Today, every smartphone or tablet user (not counting the owners of digital cameras) is a photographer by default. The Internet is literally "bursting" with billions of pictures, among which there are many frank repetitions. But what can you do if, for example, there is only one Eiffel Tower, and there are millions of people who want to capture it.
German designer Philip Schmitt made a timid attempt to encourage amateur photographers to get away from boring repetitions by creating an original device called Camera Restricta.
It looks like a completely ordinary camera, which has retained some of the characteristic features inherent in its now distant "ancestors" from the last century. From our digital age, Camera Restricta has a 3D printed plastic case, a built-in smartphone, a speaker and a GPS sensor whose existence is reminiscent of a protruding antenna.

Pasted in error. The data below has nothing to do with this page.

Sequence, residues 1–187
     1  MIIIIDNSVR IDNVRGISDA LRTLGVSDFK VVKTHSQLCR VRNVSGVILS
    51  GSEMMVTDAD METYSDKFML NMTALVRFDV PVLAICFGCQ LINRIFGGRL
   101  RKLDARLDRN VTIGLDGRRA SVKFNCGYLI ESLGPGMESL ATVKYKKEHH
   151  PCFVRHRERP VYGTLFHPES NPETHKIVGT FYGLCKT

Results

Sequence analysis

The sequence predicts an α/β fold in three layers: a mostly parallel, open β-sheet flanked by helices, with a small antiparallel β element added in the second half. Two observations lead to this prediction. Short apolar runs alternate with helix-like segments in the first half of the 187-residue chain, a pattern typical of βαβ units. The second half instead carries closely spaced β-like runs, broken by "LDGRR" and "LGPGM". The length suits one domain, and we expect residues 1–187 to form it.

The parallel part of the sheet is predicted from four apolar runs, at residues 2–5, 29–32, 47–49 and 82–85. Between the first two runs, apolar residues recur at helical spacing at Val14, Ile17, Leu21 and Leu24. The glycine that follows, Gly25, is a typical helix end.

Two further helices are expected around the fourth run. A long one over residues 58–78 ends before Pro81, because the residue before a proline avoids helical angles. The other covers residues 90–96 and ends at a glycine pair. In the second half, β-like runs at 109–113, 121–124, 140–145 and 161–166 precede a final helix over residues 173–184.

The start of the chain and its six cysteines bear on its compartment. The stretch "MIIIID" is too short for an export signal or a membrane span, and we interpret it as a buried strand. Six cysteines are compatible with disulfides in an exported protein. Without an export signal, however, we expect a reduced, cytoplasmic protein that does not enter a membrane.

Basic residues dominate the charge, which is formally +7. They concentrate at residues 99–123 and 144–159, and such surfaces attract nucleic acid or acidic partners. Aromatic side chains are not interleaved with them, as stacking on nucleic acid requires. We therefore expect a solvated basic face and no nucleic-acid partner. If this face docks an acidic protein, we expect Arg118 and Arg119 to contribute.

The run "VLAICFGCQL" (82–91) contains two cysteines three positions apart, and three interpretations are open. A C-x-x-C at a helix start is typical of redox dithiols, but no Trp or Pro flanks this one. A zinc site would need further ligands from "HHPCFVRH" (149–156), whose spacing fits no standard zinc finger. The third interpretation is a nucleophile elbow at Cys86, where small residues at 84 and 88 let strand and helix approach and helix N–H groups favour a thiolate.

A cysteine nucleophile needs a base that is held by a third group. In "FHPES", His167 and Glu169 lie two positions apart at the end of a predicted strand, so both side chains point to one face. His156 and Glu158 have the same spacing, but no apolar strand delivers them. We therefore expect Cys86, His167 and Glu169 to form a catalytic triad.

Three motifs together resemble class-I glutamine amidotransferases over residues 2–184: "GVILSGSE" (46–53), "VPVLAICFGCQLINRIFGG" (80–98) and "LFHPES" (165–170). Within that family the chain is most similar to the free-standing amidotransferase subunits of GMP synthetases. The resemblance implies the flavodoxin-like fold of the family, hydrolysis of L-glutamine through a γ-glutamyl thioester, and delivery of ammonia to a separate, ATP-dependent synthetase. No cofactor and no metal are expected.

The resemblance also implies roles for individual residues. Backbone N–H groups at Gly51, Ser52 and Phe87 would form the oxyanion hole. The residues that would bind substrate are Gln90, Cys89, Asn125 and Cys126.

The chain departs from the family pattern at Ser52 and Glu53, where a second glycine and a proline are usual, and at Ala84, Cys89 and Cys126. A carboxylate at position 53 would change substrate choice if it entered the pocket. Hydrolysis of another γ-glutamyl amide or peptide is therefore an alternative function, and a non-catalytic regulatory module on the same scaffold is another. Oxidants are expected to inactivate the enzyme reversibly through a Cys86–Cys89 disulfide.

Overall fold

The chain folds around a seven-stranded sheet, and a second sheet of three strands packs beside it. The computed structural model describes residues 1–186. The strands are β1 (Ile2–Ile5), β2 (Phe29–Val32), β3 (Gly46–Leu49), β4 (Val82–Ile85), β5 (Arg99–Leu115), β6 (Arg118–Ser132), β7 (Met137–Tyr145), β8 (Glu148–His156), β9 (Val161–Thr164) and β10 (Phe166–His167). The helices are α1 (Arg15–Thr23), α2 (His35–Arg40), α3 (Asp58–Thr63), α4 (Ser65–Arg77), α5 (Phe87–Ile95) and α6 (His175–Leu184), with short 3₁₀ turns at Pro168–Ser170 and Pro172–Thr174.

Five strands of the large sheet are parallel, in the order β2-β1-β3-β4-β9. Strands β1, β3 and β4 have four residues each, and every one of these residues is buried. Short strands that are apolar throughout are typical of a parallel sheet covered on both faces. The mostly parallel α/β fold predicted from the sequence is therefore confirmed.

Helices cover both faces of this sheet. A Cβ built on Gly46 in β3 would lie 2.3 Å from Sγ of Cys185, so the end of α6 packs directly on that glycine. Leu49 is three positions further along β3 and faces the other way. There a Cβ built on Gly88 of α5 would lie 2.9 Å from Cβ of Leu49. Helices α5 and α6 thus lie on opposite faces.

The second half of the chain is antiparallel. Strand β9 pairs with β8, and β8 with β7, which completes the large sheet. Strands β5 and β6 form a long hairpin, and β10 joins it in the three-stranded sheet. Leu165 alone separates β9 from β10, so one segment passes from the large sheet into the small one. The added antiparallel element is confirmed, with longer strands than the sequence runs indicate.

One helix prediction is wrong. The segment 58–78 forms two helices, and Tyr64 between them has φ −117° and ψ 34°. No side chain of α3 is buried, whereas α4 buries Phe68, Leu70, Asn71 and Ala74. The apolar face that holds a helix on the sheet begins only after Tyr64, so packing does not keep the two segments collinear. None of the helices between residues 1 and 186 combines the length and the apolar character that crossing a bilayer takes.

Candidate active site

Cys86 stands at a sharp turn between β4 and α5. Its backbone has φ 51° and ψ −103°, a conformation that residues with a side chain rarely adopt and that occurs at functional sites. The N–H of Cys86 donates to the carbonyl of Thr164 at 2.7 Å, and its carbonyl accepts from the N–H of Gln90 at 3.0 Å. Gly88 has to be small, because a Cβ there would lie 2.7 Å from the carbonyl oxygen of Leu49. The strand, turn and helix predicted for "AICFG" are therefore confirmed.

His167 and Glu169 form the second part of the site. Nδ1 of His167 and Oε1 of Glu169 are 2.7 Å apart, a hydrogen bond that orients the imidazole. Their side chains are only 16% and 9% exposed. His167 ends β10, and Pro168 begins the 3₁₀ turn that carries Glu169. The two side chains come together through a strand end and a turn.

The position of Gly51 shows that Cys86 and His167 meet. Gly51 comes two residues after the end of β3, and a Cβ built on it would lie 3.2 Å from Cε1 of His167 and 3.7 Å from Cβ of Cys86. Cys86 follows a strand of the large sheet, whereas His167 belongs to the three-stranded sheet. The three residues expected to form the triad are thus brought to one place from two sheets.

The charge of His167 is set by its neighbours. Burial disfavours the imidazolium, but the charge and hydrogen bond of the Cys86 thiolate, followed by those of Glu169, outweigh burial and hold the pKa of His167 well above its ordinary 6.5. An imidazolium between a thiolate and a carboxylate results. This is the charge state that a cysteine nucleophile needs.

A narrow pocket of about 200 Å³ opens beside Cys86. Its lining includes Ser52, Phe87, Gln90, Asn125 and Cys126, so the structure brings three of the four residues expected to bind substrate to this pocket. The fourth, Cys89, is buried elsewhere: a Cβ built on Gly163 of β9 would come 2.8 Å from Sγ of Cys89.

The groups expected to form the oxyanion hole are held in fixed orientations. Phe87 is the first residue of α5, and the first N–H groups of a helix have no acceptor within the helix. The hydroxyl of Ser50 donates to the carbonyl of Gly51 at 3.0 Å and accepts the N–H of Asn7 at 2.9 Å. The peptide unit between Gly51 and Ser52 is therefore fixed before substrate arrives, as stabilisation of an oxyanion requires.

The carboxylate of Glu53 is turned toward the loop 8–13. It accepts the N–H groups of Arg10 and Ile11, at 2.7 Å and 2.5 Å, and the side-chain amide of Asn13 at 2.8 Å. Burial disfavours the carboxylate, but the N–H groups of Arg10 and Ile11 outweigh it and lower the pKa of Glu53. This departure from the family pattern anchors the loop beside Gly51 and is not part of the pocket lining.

This accessory, so unusual for a digital camera, is the main feature of the gadget. With its help, the position of the camera user is determined. Thanks to a special application, the smartphone finds on the Internet all photos of a given object taken within 18 meters. It should be noted that we are talking only about EXIF images containing geodata.
Before the picture is taken, the camera makes a request to the Internet. The speaker will inform the user about the number of "photoclones" with sounds, somewhat reminiscent of a working Geiger counter. If “limit” is selected, the shutter will not release. This means that the user will have to change the shooting location.